Bestsellers in ... Iran

       MNA find that Iranian bookstores have different bestseller lists, and, for example:
J.K.Rowlingís Harry Potter series, Persian translations of Khaled Hosseiniís The Kite Runner and A Thousand of Splendid Sun by Mehdi Ghabraii, books written by the American professional speaker Anthony Robbins and Australian television producer Rhonda Byrne are among the bestsellers in a bookstore on Mirdamad Street, located in a wealthy district in Tehran.
       Elsewhere the picture is slightly different:
Other Iranian cities deal with major problems in book distributing and financial pressures. Many of the bestsellers are editions that date back to two or three years ago.

A bookseller in the Iranian western city Sanandaj that is located 512 km from Tehran told MNA reporter that they do not receive the latest editions of books in a timely manner and then when they arrive, they are no longer up-to-date.

(Posted by: complete review)    - permanent link -



       Literary agents in ... India

       In Words Worth in the Sunday (Deccan) Herald Mita Kapur offers a solid overview of the rise of so-called 'literary' agents in India, finding:
Literary agents in India were and are a realistic need. With the publishers receiving a barrage of manuscripts every day and not being able to find time to wade through the pile, we may have lost out on some exciting writing talent. If an agent with a good nose steps in, it is a significant help to both -- the publisher and the author.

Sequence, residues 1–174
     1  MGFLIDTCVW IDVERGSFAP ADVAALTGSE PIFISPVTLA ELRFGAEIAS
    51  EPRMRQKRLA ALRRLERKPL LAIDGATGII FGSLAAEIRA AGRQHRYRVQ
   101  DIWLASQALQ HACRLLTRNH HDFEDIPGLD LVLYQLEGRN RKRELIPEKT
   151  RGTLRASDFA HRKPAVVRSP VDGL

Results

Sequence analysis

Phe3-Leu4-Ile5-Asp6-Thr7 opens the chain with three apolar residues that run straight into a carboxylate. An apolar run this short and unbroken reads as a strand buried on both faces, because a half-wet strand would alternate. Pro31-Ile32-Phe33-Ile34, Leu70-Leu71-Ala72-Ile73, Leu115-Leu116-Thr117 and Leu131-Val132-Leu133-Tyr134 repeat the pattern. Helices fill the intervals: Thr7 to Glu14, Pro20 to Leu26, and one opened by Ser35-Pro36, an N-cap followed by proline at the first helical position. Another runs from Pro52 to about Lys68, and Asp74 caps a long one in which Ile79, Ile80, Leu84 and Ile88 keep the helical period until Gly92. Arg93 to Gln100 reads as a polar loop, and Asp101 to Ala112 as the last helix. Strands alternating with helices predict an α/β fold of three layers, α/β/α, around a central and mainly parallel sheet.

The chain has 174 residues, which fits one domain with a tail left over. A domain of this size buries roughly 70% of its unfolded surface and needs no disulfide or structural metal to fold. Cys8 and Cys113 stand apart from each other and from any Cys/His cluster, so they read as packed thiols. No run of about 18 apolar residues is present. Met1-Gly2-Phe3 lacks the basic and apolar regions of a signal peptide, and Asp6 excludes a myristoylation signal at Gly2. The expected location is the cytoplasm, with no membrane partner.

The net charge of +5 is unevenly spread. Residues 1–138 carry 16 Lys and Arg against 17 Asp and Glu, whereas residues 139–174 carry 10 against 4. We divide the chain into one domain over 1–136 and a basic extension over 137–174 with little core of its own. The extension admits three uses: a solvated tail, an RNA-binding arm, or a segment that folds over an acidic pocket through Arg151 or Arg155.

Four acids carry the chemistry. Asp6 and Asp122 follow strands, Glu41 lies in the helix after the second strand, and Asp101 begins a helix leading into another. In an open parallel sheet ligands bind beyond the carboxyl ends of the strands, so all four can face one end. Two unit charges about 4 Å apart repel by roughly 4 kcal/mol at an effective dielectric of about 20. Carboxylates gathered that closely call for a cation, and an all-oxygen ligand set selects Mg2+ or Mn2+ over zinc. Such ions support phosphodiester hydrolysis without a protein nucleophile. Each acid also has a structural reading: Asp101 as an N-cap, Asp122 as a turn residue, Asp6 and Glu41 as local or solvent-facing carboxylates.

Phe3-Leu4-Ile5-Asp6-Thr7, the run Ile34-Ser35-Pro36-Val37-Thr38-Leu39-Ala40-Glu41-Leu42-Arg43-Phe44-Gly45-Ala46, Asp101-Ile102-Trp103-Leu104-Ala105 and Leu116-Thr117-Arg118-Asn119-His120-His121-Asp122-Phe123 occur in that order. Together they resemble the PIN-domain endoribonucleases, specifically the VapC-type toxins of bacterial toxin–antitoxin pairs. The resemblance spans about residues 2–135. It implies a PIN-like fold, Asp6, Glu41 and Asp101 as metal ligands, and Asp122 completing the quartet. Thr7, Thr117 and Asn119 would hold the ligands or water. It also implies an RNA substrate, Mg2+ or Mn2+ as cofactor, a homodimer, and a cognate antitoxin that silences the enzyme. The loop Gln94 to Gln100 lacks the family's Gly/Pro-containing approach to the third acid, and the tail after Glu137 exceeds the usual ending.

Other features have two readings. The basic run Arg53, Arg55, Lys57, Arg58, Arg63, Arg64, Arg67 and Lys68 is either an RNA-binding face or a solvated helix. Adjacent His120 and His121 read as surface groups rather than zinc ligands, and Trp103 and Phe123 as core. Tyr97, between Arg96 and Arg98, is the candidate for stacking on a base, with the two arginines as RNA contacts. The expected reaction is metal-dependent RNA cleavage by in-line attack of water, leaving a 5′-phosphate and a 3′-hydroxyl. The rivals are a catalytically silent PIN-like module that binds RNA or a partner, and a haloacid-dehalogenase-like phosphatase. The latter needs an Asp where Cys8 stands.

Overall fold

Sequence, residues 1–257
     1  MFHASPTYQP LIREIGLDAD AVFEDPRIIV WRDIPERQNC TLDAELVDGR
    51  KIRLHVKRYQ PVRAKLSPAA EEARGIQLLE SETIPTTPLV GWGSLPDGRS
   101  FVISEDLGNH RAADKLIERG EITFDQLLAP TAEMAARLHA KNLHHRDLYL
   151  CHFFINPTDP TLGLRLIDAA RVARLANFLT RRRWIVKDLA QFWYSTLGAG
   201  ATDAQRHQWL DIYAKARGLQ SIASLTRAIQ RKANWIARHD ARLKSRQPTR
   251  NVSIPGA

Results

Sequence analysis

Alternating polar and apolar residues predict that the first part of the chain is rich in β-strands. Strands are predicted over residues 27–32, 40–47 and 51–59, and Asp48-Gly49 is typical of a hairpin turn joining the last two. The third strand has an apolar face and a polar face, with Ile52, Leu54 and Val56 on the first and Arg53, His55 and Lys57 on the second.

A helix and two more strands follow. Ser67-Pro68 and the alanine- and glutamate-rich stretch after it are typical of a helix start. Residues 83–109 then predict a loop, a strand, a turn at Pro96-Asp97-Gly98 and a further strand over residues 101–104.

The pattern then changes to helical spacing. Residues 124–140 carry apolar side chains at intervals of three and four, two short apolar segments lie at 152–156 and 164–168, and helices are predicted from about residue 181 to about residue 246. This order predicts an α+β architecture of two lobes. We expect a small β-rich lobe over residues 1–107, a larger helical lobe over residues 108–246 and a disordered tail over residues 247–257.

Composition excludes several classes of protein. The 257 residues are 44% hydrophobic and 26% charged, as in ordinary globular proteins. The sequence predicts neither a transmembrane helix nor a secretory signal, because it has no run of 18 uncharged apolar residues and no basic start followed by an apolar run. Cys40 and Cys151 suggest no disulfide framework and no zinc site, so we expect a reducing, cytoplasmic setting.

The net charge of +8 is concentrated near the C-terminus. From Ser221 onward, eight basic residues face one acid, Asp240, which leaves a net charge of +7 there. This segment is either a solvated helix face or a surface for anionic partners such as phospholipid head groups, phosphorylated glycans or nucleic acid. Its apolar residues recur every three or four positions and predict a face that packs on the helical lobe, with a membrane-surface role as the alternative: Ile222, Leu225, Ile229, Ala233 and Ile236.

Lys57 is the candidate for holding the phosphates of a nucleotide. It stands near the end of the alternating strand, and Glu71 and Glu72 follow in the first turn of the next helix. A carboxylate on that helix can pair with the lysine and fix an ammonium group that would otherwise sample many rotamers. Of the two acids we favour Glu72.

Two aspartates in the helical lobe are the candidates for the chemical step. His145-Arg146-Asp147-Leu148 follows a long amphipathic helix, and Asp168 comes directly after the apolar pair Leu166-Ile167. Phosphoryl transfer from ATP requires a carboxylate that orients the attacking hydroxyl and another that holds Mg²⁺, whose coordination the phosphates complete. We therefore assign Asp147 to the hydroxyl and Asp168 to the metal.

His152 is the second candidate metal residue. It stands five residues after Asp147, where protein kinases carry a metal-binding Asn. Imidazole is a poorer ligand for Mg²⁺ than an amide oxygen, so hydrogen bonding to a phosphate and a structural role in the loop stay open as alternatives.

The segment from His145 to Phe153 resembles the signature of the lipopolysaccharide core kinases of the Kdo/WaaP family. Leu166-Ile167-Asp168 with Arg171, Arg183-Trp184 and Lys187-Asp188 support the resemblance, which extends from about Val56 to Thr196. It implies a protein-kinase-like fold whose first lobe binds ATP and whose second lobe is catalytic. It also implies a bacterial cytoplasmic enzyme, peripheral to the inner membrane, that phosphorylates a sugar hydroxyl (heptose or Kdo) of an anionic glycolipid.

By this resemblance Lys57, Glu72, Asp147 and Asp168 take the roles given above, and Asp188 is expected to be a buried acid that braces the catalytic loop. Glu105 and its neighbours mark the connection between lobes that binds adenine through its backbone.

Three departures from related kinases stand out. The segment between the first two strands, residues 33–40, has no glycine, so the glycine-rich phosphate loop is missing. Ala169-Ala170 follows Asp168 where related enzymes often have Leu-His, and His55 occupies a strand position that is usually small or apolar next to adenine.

Still: far too rosy a picture, to our minds -- and giving literary agents far too much credit (i.e. any).

(Posted by: complete review)    - permanent link -



       Guilty pleasures embarrassing admissions

       In Five Best in the Wall Street Journal 'Jackie Collins picks her favorite literary guilty pleasures' and that's just bizarre enough of a combination ( Jackie Collins, the term: 'literary', and the WSJ) that I couldn't help but take a peek; how embarrassing then to note that of the five titles she mentions I've read three (and The Godfather is not one of them). Talk about misspent youth ..... (And now, of course, an instant widespread loss of what little literary street-cred I might have had .....)
       But has this woman not picked up a book since 1974, when the last of these five came out ?

       A variety of much better summer-suggestion-lists can be found at many of the dailies; the one at the Independent on Sunday -- Holiday hotlist: Our favourite writers nominate the perfect book for summer -- isn't bad, with suggestions like Joanna Kavenna's: Céline's Death on Credit (US title: Death on the Installment Plan), about which she notes:
It will make even the most dysfunctional family holiday seem idyllic.
       (Get your copy at Amazon.com or Amazon.co.uk.)

(Posted by: M.A.Orthofer)    - permanent link -



19 July 2008 - Saturday

A.S.Byatt on Penelope Fitzgerald | Will Eisner profile